I recently came across this rather nice (spoof) NSA site describing the work of the Agency’s “Domestic Surveillance Directorate”. That Directorate supposedly exists to protect the citizen from the usual suspects (terrorists, paedophiles, criminals) and is tasked with data collection and analysis to support that end.
The site says:
“Our value is founded on a unique and deep understanding of risks, vulnerabilities, mitigations, and threats. Domestic Surveillance plays a vital role in our national security by using advanced data mining systems to “connect the dots” to identify suspicious patterns.”
“In the past, domestic law enforcement agencies collected data AFTER a suspect had been identified. This often resulted in lost intelligence and missed opportunities. But what if data could be collected in advance, BEFORE the target was known? What if the mere act of collecting data could result in the identification of new targets?
What if we could build a national data warehouse containing information about every person in the United States? Thanks to secret interpretations of the PATRIOT ACT, top-secret Fourth Amendment exceptions allowed by the Foreign Intelligence Surveillance Court, and broad cooperation at the local, state, and federal level, we can!”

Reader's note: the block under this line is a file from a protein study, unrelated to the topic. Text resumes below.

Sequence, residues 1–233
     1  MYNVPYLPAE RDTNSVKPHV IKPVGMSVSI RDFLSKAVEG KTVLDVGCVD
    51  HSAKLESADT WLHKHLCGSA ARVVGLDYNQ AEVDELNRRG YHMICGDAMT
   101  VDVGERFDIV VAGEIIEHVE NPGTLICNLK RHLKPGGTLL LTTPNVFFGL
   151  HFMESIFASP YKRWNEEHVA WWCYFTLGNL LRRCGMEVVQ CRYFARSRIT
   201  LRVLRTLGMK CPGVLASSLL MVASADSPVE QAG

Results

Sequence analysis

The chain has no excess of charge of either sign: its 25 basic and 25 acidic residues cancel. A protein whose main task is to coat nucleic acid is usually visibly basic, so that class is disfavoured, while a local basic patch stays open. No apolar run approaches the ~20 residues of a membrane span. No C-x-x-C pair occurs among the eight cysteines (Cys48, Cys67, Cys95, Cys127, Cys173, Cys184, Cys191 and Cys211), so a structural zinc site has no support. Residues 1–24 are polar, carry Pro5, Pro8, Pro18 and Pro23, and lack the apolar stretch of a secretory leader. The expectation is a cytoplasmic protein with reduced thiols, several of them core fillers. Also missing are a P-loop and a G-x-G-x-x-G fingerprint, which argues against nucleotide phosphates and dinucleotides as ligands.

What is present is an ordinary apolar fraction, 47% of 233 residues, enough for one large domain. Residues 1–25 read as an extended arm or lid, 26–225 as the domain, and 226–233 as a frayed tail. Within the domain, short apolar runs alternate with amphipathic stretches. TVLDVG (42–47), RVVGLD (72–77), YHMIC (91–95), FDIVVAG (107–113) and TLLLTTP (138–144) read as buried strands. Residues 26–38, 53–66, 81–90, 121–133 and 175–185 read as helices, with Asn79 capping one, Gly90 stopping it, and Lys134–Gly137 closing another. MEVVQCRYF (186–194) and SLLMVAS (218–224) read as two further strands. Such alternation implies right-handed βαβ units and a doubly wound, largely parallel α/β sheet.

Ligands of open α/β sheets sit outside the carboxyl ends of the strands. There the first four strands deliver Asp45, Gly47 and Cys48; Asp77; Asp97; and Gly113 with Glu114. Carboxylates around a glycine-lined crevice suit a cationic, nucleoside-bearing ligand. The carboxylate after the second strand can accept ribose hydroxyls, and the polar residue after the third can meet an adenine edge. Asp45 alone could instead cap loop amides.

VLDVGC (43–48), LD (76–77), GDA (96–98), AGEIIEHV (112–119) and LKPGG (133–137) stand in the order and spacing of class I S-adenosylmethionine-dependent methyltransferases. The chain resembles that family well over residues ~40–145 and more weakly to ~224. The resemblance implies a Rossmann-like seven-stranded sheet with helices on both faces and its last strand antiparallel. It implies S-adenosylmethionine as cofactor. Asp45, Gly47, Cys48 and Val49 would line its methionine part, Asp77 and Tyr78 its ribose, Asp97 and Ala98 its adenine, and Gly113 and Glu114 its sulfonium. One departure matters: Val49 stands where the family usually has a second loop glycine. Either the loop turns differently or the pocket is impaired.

It continues its explanation of how and why data collection on citizens’ activity is so important:
“Every day, people leave a digital trail of electronic breadcrumbs as they go about their daily routine. They go to work using electronic fare cards; drive through intersections with traffic cameras; walk down the street past security cameras; surf the internet; pay for purchases with credit/debit cards; text or call their friends; and on and on.
There is no way to predict in advance which crucial piece of data will be the key to revealing a potential plot. The standard operating procedure for the Domestic Surveillance Directorate is to “collect all available information from all available sources all the time, every time, always”.
So, in shades of Philip K Dick’s “precogs” which allow the Police Precrime Division to arrest suspects /before/ they can commit any actual crime, just because the information is there we should collect it, analyse it, and look for potential activities which might, just might, allow us to prevent that criminal action.
Who could possibly object to that?
Only the the criminals. After all, no-one else has anything to hide.
Back in 2014, at about the time of the Snowden revelations, Simon Jenkins wrote a nice piece for the Guardian about an (again spoof) intended extension to the 2014 (emergency) Data Retention and Investigatory Powers Act 2014 (Drip). In that article, Jenkins had the Home Secretary say:
“A serious shortcoming has now emerged in the 2014 act. Many terrorists, criminals and paedophiles are no longer using the internet, and we need to follow them more closely. While their activities in the open are subject to surveillance cameras, they are also meeting in private houses and other premises. We thus need visual capability for complete coverage. The proposed bill supplies a vital link in the chain.”